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"Race Woman": Reproducing the Nation in Gabriela Mistral
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GLQ: A Journal of Lesbian and Gay Studies 6.4 (2000) 491-527

The Chilean poet, educator, and Nobel laureate Gabriela Mistral (1889-1957) is an example of a Latin American queer intellectual who was instrumental in instituting sexual and racial normativity through nationalist discourse. This article expands the scope of the inquiry into Mistral's sexual identity by examining her status as "race woman," a public position that she fiercely claimed, as opposed to any public nonnormative sexual stance.

Within the Latin American public, Mistral upheld the heterosexual matrix. But was her queerness completely out of public view? Certainly, Mistral alluded to reproductive sexuality every time she spoke of race. She consistently portrayed herself as the spokesperson of Latin America -- which she referred to as "our race" [nuestra raza]--posing as the mixed-race mother of the nation. Mistral devoted many prose pieces to the subject of a Latin American unified culture achieved through individual and social reproduction. Well known for her defense of the indigenous peoples of Latin America, she frequently and vigorously alluded to the process of mestizaje.

Through the stance of race woman Mistral aided the state in managing Latin America's racially heterogeneous populations, regarded as a problem since the Wars of Independence. Both publicly and privately she addressed topics ranging from the classification and hierarchical ordering of racial "mixings" to the status of black Latin Americans in nationalist discourse, from desirable mestizaje in the Latin American territory to dangerous mestizaje beyond the watchful purview of the state.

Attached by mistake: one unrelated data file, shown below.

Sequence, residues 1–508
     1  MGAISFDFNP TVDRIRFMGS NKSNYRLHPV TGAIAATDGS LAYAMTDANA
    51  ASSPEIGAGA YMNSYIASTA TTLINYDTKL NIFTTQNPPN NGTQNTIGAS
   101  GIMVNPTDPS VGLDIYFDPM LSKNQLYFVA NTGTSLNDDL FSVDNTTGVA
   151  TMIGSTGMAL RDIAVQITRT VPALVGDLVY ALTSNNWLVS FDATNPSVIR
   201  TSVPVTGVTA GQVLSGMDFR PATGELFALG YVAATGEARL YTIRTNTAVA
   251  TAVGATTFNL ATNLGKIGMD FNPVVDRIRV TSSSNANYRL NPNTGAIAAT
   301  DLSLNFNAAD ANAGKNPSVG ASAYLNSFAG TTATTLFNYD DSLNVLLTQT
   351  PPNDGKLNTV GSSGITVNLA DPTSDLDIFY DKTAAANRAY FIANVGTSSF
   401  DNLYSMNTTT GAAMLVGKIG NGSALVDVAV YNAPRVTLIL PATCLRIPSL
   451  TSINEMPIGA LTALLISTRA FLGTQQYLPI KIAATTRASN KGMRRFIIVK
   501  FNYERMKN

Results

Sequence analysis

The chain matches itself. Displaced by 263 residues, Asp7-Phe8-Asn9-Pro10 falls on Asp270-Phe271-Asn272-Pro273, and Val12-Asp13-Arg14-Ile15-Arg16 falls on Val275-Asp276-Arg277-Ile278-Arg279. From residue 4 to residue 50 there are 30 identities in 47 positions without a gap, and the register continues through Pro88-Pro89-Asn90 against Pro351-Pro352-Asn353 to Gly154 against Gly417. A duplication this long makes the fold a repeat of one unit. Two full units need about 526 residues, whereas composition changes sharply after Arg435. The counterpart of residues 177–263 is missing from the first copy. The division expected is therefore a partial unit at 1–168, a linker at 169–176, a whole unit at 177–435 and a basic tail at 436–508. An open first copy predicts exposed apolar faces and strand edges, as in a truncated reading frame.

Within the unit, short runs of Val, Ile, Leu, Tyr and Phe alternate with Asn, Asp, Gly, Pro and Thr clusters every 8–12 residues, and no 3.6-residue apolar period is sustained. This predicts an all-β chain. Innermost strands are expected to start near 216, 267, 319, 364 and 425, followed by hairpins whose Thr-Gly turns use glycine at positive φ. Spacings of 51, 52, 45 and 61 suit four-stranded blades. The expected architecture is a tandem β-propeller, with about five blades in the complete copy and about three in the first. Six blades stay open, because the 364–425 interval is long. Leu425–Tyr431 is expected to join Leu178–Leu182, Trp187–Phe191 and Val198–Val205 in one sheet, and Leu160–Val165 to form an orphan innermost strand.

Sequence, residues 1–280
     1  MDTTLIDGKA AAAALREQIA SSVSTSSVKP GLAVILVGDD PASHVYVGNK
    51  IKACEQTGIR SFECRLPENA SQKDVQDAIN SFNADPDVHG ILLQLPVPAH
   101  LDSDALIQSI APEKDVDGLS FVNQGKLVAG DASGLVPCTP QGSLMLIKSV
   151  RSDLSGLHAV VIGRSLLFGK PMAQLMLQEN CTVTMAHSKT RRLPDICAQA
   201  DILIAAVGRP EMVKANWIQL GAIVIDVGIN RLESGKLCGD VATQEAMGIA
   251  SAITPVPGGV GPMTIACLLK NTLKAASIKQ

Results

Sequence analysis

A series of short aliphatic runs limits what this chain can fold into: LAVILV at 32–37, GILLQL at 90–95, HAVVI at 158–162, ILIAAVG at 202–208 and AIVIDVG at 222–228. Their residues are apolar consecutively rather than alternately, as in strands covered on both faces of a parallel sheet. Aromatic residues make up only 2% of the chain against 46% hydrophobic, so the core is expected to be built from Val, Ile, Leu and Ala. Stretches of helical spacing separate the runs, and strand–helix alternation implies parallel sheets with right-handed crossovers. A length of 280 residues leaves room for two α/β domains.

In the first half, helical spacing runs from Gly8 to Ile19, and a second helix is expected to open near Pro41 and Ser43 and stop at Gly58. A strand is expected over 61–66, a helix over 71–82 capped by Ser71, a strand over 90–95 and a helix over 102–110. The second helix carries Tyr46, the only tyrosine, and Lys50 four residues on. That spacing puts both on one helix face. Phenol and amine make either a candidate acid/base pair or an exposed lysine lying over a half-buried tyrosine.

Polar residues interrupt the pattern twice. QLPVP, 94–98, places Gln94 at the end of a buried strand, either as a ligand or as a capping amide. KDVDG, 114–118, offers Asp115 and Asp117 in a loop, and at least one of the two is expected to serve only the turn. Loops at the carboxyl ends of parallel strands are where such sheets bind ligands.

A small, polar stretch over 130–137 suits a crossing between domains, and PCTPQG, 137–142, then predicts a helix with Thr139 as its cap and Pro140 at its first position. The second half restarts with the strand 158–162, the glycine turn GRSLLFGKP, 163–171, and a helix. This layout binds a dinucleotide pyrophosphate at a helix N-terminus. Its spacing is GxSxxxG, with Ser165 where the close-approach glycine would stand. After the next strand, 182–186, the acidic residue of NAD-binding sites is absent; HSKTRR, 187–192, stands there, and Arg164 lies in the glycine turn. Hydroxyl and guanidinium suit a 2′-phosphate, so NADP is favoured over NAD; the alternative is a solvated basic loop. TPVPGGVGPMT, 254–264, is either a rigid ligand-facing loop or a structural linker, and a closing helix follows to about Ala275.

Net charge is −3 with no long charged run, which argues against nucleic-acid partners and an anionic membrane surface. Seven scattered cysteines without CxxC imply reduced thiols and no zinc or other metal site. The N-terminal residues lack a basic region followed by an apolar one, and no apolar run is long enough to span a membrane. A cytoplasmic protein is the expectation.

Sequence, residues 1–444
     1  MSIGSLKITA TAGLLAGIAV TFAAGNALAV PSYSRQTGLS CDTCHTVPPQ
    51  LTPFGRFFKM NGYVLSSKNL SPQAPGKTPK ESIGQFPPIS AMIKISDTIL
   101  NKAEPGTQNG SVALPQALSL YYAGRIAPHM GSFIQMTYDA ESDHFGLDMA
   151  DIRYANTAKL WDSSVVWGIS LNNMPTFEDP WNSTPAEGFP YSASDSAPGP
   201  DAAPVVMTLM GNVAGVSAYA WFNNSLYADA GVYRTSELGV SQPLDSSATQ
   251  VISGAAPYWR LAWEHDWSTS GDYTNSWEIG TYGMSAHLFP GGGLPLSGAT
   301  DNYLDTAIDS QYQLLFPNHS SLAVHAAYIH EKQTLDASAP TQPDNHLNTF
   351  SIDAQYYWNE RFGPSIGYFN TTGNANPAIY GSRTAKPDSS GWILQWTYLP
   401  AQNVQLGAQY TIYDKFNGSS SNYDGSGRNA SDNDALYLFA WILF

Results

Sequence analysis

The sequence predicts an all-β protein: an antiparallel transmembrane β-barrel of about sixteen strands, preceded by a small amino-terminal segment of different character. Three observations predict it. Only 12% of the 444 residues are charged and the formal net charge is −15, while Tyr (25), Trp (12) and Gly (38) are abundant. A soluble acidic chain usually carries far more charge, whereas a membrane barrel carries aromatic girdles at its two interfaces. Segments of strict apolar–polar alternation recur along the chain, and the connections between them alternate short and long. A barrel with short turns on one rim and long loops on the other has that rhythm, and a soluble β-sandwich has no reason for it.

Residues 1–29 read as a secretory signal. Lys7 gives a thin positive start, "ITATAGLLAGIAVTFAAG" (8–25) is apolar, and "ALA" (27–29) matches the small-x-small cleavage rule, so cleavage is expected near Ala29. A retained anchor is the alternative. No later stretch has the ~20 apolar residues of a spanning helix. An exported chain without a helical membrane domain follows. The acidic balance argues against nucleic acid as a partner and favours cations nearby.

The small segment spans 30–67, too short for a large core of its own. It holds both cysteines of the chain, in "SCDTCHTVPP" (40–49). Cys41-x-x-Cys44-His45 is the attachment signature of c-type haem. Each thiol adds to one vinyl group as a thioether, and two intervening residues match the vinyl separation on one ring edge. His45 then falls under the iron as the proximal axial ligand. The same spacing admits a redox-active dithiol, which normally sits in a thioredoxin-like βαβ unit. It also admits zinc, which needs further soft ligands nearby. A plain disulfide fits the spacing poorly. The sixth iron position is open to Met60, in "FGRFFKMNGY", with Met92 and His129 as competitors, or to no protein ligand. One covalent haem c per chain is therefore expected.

It is tempting to separate Mistral's sexual and racial identities, envisioning one as private and the other as public, one secret and the other on strident display. Typically, the quandary of a subject such as Mistral is to be analyzed one identity at a time. The story of her romantic life is separated from the story of her public career, even as her public figure unfolds in accordance with the narrative of republican motherhood. Salacious attention to the invented details of her private existence meshes happily with a hagiographic view of her role in world affairs. But to understand Mistral's complexity more fully, it is useful to view her private and public identities less as discrete chunks of self and more as spliced and interdependent.

Examining the intersection of race and sexuality in Mistral is vital in more senses than one. Dispelling myths about her is important, but understanding a mythology put at the service of the state is critical. Both racial mixing (collective sexuality) and Mistral's ambiguous sexuality (seen as a private affair) involve the social demarcation of acceptable and unacceptable sex; in both instances, sex is coded as reproduction. In the state project that Mistral helped articulate, reproduction meant not only maximizing women's bodies to produce fit laborers and manage productive, patriarchal, heterosexual families but also establishing and enforcing the parameters of who belonged, racially speaking, in the nation. This was true of the restricted sense of the emerging nation-state--what is a Chilean? who can be considered a Mexican?--and of the expansive, indeed massive, sense of Americanism [latinoamericanismo]. Enforcing the stricture of belonging entailed a submerged but no less potent role for Mistral's "silent" sexuality. As I have discussed elsewhere, the language of reproduction and child care functions as a kind of closet that paradoxically has made public what was to remain private. In the more far-reaching context of public or collective sexuality, Mistral deploys the same language to draw a firm, frequently onerous line of national belonging. Elucidating the connection between her queerness and the racial discourse she successfully deployed is the goal of this article.

An intersectional analysis reveals that Mistral's symbolic heterosexuality was meant to guarantee or benefit not heterosexuality per se (i.e., not all heterosexuals equally) but a particular heterosexuality, tailored to the state's project. Mistral offered her own body as the representation of an entire race -- a race created from an invented tradition. But how could a woman who bore no biological children for the race, who was always coupled with women, become the lasting symbol of the national mother? Her lived sexuality did not coincide with the...



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